DENVER -- As the Senate bill to repeal and replace the Affordable Care Act awaits a vote, leaders in many states are considering what role states may play in the future of health care.
Denver7 looked at statements made by the declared candidates in the 2018 Colorado Governor's race:
On June 26th, U.S. Rep. Ed Perlmutter released this statement in response to the Senate health care bill:
“A small group of Senate Republicans worked for weeks in secrecy only to unveil a disastrous plan much like the House version’s repeal and replacement of the Affordable Care Act. Under these plans millions of Coloradans are at risk of losing their health care. This process is creating uncertainty in the marketplace and it places our economy at risk. Furthermore, the Senate Republican plan devastates the Medicaid program and allows states to strip essential health coverage for many hardworking Coloradans. This process is ridiculous and the health care bill is even worse.”
On June 26th, U.S. Rep Jared Polis released this statement on the Senate health care bill:
“The nonpartisan, objective analysis of the Republican healthcare plan is out, and the news is devastating, as we expected. It takes us backward, rolling back any and all progress achieved under the Affordable Care Act,” Polis said. "The Republican plan would leave 22 million behind without health insurance; and women, veterans, children, seniors, rural communities, and people with pre-existing conditions would suffer the consequences. It's past time for Republicans to stop prioritizing special interests over the American people.”
Kennedy's website claims she helped expand access to health care for tens of thousands of low income Children in Colorado during her tenure serving under Governor Roy Romer. She previously worked as the fiscal analyst for the Colorado Department of Health Care Policy and Financing.
Johnston's website says "he will fight the Trump administration to preserve the expansion of Medicaid in Colorado." He also touts his legislative accomplishments on health care, including sponsored a bill that created the Alzheimer's disease research center at the University of Colorado. In 2014 Mike co-sponsored the creation the Colorado Commission on Affordable Health Care in order to improve access and quality of care.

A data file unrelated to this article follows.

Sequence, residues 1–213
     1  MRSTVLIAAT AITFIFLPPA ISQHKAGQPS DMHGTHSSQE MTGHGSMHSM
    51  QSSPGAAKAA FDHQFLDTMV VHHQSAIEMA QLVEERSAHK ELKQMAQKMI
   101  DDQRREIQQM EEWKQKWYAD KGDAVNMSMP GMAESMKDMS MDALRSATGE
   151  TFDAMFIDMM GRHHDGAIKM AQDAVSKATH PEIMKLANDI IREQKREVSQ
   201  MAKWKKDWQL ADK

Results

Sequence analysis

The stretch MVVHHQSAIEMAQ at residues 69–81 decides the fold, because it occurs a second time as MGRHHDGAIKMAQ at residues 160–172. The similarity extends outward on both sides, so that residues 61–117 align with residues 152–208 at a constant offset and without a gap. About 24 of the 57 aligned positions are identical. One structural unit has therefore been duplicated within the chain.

According to an article in the Colorado Independent: "[Ginsburg] says that more attention needs to be paid to mental health issues and ensuring the state’s mental health services are available for everyone across the state. He calls Colorado’s opioid epidemic a symptom of a mental health epidemic."
According to an article in the Colorado Springs Gazette: "The top two issues that motivate Underwood the most are transportation and healthcare, specifically expanding Medicaid help to more people, he said."
From his website: Coloradans deserve access to patient centered healthcare and affordable premiums. Obamacare must be repealed to make this happen. Since becoming the law of the land, Obamacare has driven more and more Coloradans onto our Medicaid rolls. At the same time, it has stifled the state's ability to be innovative and has driven costs up at the expense of other state funding priorities, like education and transportation. We need greater flexibility that gets Washington out of the way and allows our state to craft a Colorado specific Medicaid plan that is best for Colorado's unique needs.
Mitchell says he wants to get costs under control for our state’s Medicaid program for low-income persons by shifting care to more cost-effective clinics staffed by nurse practitioners.
A mission statement on his website talks about batting drug use: We can do better for our young people and all Coloradans by implementing effective treatment strategies to reduce opioid addiction, and putting in place a cohesive regulatory structure for our medical and recreational marijuana industries.
No specific plan on health care
No specific plan on health care